Devising a Gamestar Mechanic Lesson Plan As a Teacher - dummies

Devising a Gamestar Mechanic Lesson Plan As a Teacher

If you’re a teacher who instructs by way of the Gamestar Mechanic website, you should understand that your students require a different lesson plan than they do in a basic classroom environment. Game design is a creative and personal experience, and your lesson plan should be the same — you have to guide students toward the subjects they need to work on (otherwise, what’s the point of having a class?), but you must also give them room for creation, exploration, and directed study.

Set the width of your path

Teaching game design requires a balance between guiding your students and supporting their creativity. Imagine each lesson as a path that students must follow to the end: a narrow path keeps students from straying off course, whereas a wide path lets them explore what they like along the way. A good lesson plan has a balanced width that isn’t too narrow or too wide. Give your students generally enough freedom to surprise you with their games — if your restrictions cause students’ games to become boringly similar, try allowing them more freedom of design.

Here are a few lessons you can try that provide a fair amount of freedom to your students:

  • The Five Elements of Game Design: Introduce and discuss the five elements of game design, as defined in the Gamestar Mechanic Quest. Students can then design single-level games and identify the five elements in each other’s works.

  • Visual Themes and Detail: Discuss the use of visual elements in popular video games, and the feelings derived from them. Students can then design single large levels with detailed visuals and describe the environments created by classmates’ games.

  • Ecosystems: Have students play the AMD Impact Challenge. Discuss real-world systems of animals and plants in the context of game design — what game is each creature playing? Students must then design an energy-based game that includes a twist of their own design, and think about what their twist might represent in real life.

Plan your time

When figuring out your lesson plan, you must budget your time well. Use the following list to ensure that you have time for everything you need to do:

  • Questing: Sometimes, you want students to play informative games before continuing, such as quests and challenges — and they can take much different lengths of time to complete these games. To keep your lesson running smoothly, consider assigning quests as homework to be completed before class begins so that students can talk about them during the discussion.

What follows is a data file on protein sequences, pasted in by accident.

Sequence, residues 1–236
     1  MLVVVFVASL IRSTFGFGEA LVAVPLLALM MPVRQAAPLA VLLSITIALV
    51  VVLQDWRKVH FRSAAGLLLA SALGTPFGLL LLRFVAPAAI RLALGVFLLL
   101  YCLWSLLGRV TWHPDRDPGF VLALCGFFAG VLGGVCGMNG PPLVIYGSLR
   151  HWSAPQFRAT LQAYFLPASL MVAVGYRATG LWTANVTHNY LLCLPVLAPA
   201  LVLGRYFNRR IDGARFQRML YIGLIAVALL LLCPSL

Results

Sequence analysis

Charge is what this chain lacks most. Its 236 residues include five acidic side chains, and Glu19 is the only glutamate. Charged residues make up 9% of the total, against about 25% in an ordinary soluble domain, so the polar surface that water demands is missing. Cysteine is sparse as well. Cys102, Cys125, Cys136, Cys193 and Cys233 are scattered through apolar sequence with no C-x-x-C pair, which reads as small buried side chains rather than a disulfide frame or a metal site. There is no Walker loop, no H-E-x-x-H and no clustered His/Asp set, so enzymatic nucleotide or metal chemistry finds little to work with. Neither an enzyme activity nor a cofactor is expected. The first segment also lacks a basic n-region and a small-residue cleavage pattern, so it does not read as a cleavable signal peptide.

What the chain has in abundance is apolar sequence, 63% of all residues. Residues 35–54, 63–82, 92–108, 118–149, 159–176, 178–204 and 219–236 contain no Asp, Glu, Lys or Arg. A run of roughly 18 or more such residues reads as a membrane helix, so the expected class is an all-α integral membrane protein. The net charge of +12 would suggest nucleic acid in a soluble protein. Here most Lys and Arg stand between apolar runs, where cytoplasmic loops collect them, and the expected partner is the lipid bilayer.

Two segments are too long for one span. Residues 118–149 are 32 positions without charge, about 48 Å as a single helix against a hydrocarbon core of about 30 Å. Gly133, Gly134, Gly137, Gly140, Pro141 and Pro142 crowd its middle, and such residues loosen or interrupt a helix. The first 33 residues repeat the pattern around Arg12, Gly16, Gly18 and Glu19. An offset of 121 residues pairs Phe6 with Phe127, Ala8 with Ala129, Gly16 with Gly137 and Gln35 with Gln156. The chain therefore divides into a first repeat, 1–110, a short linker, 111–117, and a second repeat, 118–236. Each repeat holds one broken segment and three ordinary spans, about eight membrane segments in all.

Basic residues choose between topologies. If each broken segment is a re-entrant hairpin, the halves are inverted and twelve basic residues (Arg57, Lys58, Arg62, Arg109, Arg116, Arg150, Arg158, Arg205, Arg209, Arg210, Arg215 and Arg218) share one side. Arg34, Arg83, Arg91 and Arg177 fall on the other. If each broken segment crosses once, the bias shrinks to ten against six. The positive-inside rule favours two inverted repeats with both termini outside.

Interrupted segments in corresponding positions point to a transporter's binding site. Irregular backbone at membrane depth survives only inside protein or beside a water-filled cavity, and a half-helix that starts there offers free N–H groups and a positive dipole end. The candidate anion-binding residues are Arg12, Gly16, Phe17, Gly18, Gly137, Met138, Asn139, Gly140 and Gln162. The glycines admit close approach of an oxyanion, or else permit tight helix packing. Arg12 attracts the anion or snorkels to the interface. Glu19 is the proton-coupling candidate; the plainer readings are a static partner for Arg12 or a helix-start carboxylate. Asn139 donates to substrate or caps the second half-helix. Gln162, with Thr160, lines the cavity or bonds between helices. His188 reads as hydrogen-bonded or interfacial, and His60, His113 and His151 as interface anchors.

• Lecture/Discussion: Always talk about the subject of your lesson, to make your goals clear and allow students to ask for clarification when necessary. Keep this plan somewhat flexible — students learn best by participating, asking questions, and discussing a lecture (rather than simply listening to it).

  • Designing: Devote the majority of your lesson to open design sessions, in which students design games based on your teachings. Give students plenty of warnings about time remaining so that they don’t end up with unfinished games. Alternatively, you can assign the whole game-design process as homework and let students present their games in the next lesson.

  • Reviewing: There’s no point to designing a game if no one plays it. Allow ample time for students to gather feedback from you and from other classmates. You can do this by assigning worksheets, reviews, discussion, or anything else you think would work well. Though you can assign this phase as homework, many students like to have a real-time reaction to their work.

Review your students’ games

Designing games should be the homework that takes the longest, and it’s usually what students are proudest of. Be sure to play and review students’ games during or after class. Reviewing games as a teacher is similar to grading papers without assigning a grade: You can find segments that were done well and segments that could be improved, keeping students confident and gaining knowledge.

If you evaluate your students’ games, do so based on how well they used the information from the discussion and challenges.